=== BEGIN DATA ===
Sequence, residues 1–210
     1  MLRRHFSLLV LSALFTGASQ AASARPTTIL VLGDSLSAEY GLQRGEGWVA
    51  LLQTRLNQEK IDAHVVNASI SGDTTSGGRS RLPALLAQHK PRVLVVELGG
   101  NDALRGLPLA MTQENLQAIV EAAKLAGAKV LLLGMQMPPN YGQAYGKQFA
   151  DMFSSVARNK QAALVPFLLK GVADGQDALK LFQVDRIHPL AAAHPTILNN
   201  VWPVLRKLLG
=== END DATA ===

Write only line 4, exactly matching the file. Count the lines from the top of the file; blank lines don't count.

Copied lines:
   101  NDALRGLPLA MTQENLQAIV EAAKLAGAKV LLLGMQMPPN YGQAYGKQFA